The Serbian delegation included Dragan Šormaz, Branislav Blažić, Aleksandar Radojević, Dejan Radenković, and Dubravka Filipovski.

Sunday, November 23, 2014

GPolice on a hunt for an Albanian with a criminal record suspected for the night club assault

23 November 2014

Attica’s security services are on the trail of the perpetrator who fired his Kalashnikov early on Saturday in the Etsi Apla night club in Mikrolimano. According to the latest information, the shooting’s fallout is 15 injured, 3 of whom seriously. All are young people aged 20-39.

9 of the injured, whose lives are out of danger, are being treated in different hospitals. 4 were admitted to the Attikon hospital, among them a young woman with a head wound. 2 of the injured underwent chest surgery at the Erithros hospital. Another 2 were hospitalized at Evangelismos and Thriasio. A young woman was admitted to the KAT hospital. Six of the injured were released for home treatment after receiving first aid.

14 Kalashnikov shell casings were found at the scene of the shooting. The police have a video showing the perpetrator sitting in the nightclub; witnesses said he had been in the company of two other people.

Witnesses also reported that the shooter had made threats against club employees, saying, "Everyone here will die tonight." Then he began firing at random and the club crowd went into a frenzy. When he stopped shooting, the perpetrator got into a taxi and fled, witnesses say.

The shooter is an Albanian citizen, 35 years old, perpetrator of 3 more armed assaults: two on cafes in Agios Panteleimonas and one in Mihalopoulou Street. posted a mug shot of the suspect.

The first attack was carried out on 31 October 2014, at a coffee bar at the intersection of Chiou and Kritis streets. The perpetrators fired from a car at the bar with a Kalashnikov. A 44-year-old customer was fatally wounded, as well as a 21-year-old Albanian woman who served at the bar.

The second assault took place on the evening of 6 November at 106 Aristotle St., when two men fired 12 bullets into a café without hitting anyone. The perpetrators, who were riding in a car with stolen plates, stopped in front of the café, fired their Kalashnikov, and then fled.

There is information suggesting that the 35-year-old man was a member of an Albanian gang, involved in drug trafficking and pimping, but this is hitherto unconfirmed.

The motivation behind the assault is not yet clear. Law enforcers are investigating two versions: the shooter was a racketeer who wanted to force the club owners into paying for protection, or was under the influence of drugs.

Yannis Moralis: Events like this one shock and dispirit us

"Events like this one shock and dispirit us. I wish those injured a quick recuperation, and hope the police arrest the perpetrator ASAP so that justice is done," said Yiannis Moralis, the Mayor of Piraeus, after having spoken with the Ministry of Health Secretary Vassilis Kondozamanis as well as with the management of the Attikon and Evangelismos hospitals.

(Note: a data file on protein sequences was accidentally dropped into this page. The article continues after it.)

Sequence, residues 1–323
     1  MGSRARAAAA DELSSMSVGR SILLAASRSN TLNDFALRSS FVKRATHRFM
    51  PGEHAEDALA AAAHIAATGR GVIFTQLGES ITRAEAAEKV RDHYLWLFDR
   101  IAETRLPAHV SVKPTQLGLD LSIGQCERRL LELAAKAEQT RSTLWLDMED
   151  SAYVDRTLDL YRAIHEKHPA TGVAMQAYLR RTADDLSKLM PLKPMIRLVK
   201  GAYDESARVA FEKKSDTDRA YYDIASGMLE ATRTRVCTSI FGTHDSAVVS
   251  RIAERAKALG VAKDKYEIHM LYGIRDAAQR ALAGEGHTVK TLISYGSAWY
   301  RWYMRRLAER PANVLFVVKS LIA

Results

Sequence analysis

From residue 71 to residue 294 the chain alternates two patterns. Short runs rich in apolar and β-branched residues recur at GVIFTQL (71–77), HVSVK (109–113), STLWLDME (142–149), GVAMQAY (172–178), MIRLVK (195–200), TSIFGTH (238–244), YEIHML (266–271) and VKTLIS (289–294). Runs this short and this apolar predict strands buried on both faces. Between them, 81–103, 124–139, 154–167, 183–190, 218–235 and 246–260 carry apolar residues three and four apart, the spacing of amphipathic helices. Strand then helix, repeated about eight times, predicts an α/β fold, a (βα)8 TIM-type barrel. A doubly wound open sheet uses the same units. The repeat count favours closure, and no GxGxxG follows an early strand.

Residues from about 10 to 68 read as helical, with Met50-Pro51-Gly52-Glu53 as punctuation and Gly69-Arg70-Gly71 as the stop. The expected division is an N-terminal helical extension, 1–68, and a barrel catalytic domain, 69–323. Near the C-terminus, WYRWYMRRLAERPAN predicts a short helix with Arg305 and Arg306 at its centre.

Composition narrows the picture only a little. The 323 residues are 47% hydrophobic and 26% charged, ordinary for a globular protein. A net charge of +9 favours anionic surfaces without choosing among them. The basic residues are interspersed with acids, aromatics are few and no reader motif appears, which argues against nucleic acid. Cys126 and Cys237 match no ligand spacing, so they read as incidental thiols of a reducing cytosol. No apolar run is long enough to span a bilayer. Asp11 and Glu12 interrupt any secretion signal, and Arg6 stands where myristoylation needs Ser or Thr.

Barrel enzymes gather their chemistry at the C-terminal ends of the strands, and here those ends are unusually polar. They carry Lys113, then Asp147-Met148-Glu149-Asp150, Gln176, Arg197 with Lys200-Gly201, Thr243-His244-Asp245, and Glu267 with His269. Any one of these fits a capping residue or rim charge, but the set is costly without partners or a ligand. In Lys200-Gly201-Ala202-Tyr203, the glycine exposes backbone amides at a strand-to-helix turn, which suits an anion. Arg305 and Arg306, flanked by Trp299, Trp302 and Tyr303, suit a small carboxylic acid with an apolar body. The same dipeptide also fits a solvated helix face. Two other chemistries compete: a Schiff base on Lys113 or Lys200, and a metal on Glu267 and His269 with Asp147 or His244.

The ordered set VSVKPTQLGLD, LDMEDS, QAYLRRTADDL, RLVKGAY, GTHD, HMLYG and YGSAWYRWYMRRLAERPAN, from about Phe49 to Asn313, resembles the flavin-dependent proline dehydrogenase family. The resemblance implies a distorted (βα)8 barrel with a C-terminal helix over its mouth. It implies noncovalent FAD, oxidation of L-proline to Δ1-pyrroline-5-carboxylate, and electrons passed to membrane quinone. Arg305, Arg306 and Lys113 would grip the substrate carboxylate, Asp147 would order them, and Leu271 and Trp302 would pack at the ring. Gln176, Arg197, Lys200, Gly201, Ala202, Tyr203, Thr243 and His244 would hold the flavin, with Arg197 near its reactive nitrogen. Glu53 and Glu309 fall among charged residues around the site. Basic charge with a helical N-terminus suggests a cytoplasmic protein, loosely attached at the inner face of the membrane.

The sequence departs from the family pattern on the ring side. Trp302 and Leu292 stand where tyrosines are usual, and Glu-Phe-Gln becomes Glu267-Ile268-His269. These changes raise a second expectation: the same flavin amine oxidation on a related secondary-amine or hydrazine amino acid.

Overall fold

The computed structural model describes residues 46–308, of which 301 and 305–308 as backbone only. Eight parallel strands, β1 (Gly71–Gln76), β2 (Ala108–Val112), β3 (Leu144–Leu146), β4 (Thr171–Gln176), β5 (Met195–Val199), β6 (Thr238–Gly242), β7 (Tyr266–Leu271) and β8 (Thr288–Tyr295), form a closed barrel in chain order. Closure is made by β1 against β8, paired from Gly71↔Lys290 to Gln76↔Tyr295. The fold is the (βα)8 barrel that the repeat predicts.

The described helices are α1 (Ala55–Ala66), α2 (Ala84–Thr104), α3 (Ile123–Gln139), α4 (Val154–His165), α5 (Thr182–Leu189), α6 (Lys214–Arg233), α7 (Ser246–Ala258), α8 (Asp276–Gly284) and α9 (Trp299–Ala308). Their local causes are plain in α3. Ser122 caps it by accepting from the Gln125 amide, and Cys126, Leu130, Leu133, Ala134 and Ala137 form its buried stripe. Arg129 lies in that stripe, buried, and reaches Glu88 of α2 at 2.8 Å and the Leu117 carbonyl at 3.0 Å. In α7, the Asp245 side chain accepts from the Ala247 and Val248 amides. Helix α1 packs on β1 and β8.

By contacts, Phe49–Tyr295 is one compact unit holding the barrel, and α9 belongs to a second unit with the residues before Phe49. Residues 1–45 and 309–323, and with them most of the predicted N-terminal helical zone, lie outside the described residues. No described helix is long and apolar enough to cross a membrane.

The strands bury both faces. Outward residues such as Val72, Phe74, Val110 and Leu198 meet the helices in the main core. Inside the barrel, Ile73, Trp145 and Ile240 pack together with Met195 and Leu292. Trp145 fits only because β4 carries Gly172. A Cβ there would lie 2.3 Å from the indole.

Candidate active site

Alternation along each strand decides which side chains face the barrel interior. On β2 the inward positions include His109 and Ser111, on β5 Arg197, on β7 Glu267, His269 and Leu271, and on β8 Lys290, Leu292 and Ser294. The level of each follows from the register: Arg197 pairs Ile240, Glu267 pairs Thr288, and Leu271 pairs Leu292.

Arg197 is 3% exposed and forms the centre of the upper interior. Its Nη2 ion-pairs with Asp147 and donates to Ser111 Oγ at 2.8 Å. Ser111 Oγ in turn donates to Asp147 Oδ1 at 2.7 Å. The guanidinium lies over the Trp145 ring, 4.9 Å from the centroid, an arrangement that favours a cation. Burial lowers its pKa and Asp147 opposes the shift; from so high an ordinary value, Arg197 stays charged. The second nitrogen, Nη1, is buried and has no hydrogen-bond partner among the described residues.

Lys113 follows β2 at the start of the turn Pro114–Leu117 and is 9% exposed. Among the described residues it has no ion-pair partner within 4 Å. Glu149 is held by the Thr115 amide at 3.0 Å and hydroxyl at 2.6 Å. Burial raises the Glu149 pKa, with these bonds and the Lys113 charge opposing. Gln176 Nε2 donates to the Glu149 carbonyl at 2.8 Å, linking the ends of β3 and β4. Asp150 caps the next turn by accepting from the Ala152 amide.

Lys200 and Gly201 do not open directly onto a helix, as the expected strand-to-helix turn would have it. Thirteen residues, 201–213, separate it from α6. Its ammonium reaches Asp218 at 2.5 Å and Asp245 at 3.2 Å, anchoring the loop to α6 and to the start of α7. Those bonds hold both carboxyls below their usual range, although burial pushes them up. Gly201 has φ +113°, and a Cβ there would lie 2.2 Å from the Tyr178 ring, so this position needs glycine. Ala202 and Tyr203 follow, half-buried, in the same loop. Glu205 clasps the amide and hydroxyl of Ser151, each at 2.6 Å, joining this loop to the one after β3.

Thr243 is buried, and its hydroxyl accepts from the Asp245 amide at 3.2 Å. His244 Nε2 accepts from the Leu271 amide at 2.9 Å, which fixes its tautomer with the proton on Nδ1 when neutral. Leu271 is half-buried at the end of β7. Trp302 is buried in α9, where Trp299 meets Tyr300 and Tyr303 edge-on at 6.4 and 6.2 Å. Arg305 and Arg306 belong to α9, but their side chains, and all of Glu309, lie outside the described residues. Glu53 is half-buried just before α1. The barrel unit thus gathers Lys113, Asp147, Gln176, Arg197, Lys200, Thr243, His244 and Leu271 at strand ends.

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German foreign minister speaks out against Ukraine joining NATO

Published time: November 23, 2014 17:10
AFP Photo / Yurko Dyachyshyn
AFP Photo / Yurko Dyachyshyn
Germany's FM, Frank-Walter Steinmeier, has said he is against Ukraine joining NATO. In an interview with Der Spiegel, he said he considers “that it is possible for NATO to have a partnership with Ukraine, but not membership.”
He also added that he does not believe it is realistic for Ukraine to join the European Union in the foreseeable future, as the economic and political modernization of Ukraine is a “project for a few generations.”
He also urged Kiev to introduce reforms to fight corruption and mismanagement of the economy, saying they had to start immediately and that there was no time to lose.

German foreign minister Frank-Walter Steinmeier.(AFP Photo / Odd Andersen)
German foreign minister Frank-Walter Steinmeier.(AFP Photo / Odd Andersen)
Meanwhile, Russia President Vladimir Putin’s spokesman Dmitry Peskov said one of the means of changing the balance of power in the world to eventually subdue Russia was NATO’s gradual approach toward its borders, which made Russia “nervous”, he said, speaking to the BBC.
Russia needs a “100 percent guarantee that no one would think about Ukraine joining NATO,” Peskov said.
On Friday, Jeff Rathke, a spokesman for the US State Department, said that Washington supported Ukraine’s ambitions to join NATO, but the final decision should of course be made by Kiev.
Rathke also said that lethal assistance to Ukraine was not yet “off the table.”
“Our position on lethal aid hasn’t changed. Nothing is off the table, and we continue to believe there’s no military solution. But we, in light of Russia’s actions, as the nominee mentioned yesterday in his testimony, this is – as he indicated, this is something that we should be looking at,” Rathke said.